Resistance of any kind (anger, guilt, hurt, fear) are ego’s main source of nourishment. But we can put ego “on a diet” by “fasting” from these victim stories in our minds. We “diet” by questioning unhappy victim stories immediately when they come up in our minds. In that way, we “starve” out the victim mentality.

    Acceptance of life on its own terms can then become our main food for health. Without resistance to feed it, the victim ego shrinks in size!

    Keep up the good awareness work, Tracy! Your growth is inspirational to watch! 🙂
    Lynne

  2. It is indeed quite interesting to observe oneself from inside out.I feel that i am discovering a side of me that i was not really aware of…
    I observed myself recently when i had a confrontation with a colleague and i felt really angry.This time round i managed not to shout back but instead walked away…however i found myself wanting to tell everyone of how wronged i was and my mind wandered on how irresponsible and arrogant and inconsiderate the other person was….and my mind went on and on about this…and i wanted to tell anyone willing to listen of how bad i felt and how bad the other person was….This is how i deal with my anger….i try and justify it and make the other person look bad…I feel as though i desperately rally support from external parties…I always feel the victim looking for external support to make me feel better and justify why i feel angry….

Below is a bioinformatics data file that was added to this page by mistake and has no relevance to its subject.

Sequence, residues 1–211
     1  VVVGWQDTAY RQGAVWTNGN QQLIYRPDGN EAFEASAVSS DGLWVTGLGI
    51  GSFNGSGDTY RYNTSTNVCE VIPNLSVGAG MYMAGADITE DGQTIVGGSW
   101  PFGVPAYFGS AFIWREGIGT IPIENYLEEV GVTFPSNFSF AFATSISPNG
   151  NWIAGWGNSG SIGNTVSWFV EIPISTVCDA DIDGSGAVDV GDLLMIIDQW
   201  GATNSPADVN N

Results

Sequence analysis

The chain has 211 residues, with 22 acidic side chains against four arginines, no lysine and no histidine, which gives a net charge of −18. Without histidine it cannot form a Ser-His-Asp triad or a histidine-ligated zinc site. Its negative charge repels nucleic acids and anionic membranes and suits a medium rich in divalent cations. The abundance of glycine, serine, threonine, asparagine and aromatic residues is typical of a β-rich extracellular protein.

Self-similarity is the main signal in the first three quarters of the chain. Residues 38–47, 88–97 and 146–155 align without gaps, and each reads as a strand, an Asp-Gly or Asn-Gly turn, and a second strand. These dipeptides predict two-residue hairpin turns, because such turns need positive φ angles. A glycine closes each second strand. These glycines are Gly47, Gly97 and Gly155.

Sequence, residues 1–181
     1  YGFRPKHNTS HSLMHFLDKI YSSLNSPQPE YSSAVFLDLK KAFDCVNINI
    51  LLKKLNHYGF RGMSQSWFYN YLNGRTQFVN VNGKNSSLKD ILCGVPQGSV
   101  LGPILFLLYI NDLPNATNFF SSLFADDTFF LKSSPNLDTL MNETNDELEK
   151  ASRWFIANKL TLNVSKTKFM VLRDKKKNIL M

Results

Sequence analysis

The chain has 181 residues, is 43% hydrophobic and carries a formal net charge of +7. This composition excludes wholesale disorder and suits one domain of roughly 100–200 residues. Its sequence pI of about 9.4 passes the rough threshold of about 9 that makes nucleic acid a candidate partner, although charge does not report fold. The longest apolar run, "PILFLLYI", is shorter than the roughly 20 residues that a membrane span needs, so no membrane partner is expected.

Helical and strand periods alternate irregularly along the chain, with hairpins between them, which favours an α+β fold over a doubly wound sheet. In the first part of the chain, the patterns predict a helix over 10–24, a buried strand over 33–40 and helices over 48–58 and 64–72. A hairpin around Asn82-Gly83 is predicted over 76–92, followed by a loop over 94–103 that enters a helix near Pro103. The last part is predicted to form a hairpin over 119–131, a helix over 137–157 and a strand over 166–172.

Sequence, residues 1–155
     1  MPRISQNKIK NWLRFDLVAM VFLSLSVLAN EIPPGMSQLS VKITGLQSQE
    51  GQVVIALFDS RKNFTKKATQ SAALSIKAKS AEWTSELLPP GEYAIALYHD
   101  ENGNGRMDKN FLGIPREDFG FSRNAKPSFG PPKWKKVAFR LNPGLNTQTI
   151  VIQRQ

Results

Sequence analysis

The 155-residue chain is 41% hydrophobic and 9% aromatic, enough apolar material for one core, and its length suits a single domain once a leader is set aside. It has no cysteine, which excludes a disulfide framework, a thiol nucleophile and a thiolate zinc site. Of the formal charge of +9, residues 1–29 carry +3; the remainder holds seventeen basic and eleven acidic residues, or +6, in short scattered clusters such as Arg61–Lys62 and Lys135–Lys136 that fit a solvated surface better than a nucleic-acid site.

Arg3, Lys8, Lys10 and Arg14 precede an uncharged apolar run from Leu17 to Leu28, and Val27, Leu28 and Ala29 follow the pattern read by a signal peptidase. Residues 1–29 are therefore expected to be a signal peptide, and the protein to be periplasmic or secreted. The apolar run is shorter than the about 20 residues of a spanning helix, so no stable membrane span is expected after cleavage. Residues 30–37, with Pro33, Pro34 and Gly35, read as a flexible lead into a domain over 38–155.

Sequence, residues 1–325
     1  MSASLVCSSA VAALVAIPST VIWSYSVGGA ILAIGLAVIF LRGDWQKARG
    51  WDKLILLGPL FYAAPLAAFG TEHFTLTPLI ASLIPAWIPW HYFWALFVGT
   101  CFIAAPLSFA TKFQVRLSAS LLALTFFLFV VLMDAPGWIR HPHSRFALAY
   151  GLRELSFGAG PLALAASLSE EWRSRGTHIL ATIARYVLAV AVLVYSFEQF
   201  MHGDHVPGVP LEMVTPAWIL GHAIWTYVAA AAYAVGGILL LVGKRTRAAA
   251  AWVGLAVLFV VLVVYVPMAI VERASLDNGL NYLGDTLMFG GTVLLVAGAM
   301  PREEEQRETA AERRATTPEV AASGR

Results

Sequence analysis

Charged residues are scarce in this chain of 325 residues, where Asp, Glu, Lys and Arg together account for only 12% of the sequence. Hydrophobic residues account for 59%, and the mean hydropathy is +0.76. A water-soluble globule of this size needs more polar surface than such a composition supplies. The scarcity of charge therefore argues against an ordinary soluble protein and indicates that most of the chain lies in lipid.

What was interesting to find out was that,the way in which i explain others as inconsiderate and arrogant is how i really feel about myself..I get triggered because they open up bad feelings i feel about myself….and it comes out the way i perceive them to be…Behind my anger and quest for justification for my victim hood lies the denial i have for my own feelings about stuff happening in my own life and the fear i have for the outcome….